Can Democracy Be Digitized? City of Freeport Partners With ‘Polco’ To Give Voters An Online Voice

Freeport, Illinois — It was back in January of this year when the city of Freeport reached agreements with two companies to aid in citizen interaction within local government policies, procedures, decision making and within the non-profit sector.

One platform agreement was the approval of a contract for NonProfitTHRIVE, a local partner with a company called Polco out of Madison. The other was the approval of a Contract for Citizen Engagement with the company Polco directly.

So what does this mean.

Polco, a shortening of the concept “Political Compass, helps governments get data they need to enact public policy. Polco functions like a social media platform.

For example;

1. A policy maker creates a “post” or in other words, they ask a question. The question can be embedded in a web article, shared on social media, or accessed via Polco’s website.

2. Registered voters can then respond to the question by creating an account with the service, which validates their identity by referencing public voter databases.

3. Once a user (voter) submits a response, they can see real-time results instantly.

The software has been deployed in cities from Austin, Texas (population 948,000) to Two Rivers, Wisconsin (population 11,800) — and recently, Madison, Wisconsin.

Fundamentally, it’s a polling and data analysis platform. When Bryant, Texas officials wanted to know if its citizens would support a fee of $3.18 per month for curbside recycling, they turned to Polco. When Fayetteville, Georgia officials wanted to know what its citizens thought about Starbucks getting a liquor license, they turned to Polco.

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The city of Freeport says it will post questions directly to residents on Polco’s website and app. It says residents (registered voters) can visit and create an account. (It’s in the top right hand corner)

Co-founder of Polco Nick Mastronardi was interviewed by Sandra Sloan of FundingSage and said the company was founded in Texas in May 2015. POLCO was inspired by the book “Wisdom of Crowds” and the idea of crowdsourcing. Today, Polco is based out of Madison

“Compared to our few competitors, POLCO’s biggest advantages are that we verify the residency of our users for more reliable data and more informative analysis. Also, we make a concerted effort to get broad, informed, and organized input for city staff. While we accept input from all respondents, we also provide city officials verified results broken down by city district.”

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Mastronardi said the way his company helps foster participation by citizens is that they make all their polls third party embeddable to really meet citizens wherever they are digitally.

The city of Freeport says residents can now directly influence the local government decision-making process by using the Polco software.

Looking deeper into Polco, the software (company) registers constituents by mapping them to their own voter registrations. While its stated all data is anonymized during the analyses process, Polco can guarantee that its users are real voters, as opposed to disgruntled people who sign up ten times to take the same poll.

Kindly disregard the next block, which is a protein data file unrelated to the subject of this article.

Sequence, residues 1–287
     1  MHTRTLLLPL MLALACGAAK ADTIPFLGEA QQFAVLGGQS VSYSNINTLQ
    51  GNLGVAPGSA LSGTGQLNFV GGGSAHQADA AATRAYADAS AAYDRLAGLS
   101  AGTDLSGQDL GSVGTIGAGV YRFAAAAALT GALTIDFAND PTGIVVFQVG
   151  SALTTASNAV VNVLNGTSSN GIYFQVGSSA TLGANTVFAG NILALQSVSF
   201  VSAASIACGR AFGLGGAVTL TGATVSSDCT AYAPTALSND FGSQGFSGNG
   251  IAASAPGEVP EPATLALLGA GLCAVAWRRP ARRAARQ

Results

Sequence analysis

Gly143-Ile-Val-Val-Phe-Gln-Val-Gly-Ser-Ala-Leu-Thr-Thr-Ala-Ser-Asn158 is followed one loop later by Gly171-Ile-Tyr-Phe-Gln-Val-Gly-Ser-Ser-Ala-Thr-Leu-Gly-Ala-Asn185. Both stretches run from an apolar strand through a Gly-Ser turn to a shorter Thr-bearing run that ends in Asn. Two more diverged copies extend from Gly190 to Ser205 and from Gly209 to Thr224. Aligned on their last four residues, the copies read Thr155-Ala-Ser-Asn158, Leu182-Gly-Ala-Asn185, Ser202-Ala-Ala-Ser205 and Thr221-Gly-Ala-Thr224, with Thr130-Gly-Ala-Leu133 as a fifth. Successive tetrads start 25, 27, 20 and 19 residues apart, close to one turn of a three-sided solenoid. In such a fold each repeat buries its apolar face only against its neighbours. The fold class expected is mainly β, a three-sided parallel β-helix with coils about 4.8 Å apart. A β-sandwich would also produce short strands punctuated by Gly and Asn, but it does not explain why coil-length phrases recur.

Polco voters are allowed to vote exactly once on any given issue, and offer a single comment that isn’t directed at any other user. The platform all but eliminates the ability to have bitter back-and-forth arguments.

Once the user has voted, they can only see anonymized comments.

“Like reddit, they can upvote the strongest arguments for the things that they voted on,” co-founder Alex Pedersen said in a story on Digital Trends. “How that keeps things civil is that someone new to a question can not only see the official background material, but they can also see the strongest reasons for and against any given issue. We see a lot less trolling and a lot more constructive criticism.”

For citizens it operates as a civic engagement platform—a way to learn what’s going on and have a voice that gets heard. For local governments, it’s a way to collect useful and verified data from most citizens in the community whose sentiments may balance out the vocal few at city council meetings.

“For the first time, we can quantify a gap in communication,” Mastronardi said. “Before, if it’s a free-form town hall or an ambiguous survey, you’re not characterizing who’s participating, and by extension, you’re not characterizing who is not participating. In real time, a city or a county can see if they’re getting real participating from all districts, and if not, they can refocus their outreach to ensure that they are reaching the underrepresented in their community. We can do the same thing by age, geography, or gender. It’s a way to find these missing voices and give voice to people who haven’t been part of the process before.”

Prior to starting Polco, Mastronardi was a Senior Economist at Amazon and a member of the President’s Council of Economic Advisers at the White House. Alex Pedersen spent more than seven years in the Air Force before working as a Strategy and Operations analyst at Google.

And while it all sounds wonderful and like green grass everywhere, what happens when you digitize democracy?

Truth is, no one’s quite sure yet.




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